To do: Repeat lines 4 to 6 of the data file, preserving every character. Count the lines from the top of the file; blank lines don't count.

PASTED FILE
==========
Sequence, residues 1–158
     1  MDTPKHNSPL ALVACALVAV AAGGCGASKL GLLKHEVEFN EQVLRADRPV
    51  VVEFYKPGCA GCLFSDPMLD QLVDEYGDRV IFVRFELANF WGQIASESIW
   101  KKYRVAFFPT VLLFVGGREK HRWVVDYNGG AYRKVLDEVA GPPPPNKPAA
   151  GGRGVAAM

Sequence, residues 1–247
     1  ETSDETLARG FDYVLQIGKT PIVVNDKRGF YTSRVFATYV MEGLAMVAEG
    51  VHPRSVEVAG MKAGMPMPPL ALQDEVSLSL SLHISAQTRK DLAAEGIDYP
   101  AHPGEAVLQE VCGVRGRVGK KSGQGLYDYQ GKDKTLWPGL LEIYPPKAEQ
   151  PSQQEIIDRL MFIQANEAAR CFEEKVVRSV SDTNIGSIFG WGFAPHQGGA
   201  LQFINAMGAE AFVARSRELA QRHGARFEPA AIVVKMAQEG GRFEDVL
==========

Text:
   101  KKYRVAFFPT VLLFVGGREK HRWVVDYNGG AYRKVLDEVA GPPPPNKPAA
   151  GGRGVAAM

Sequence, residues 1–247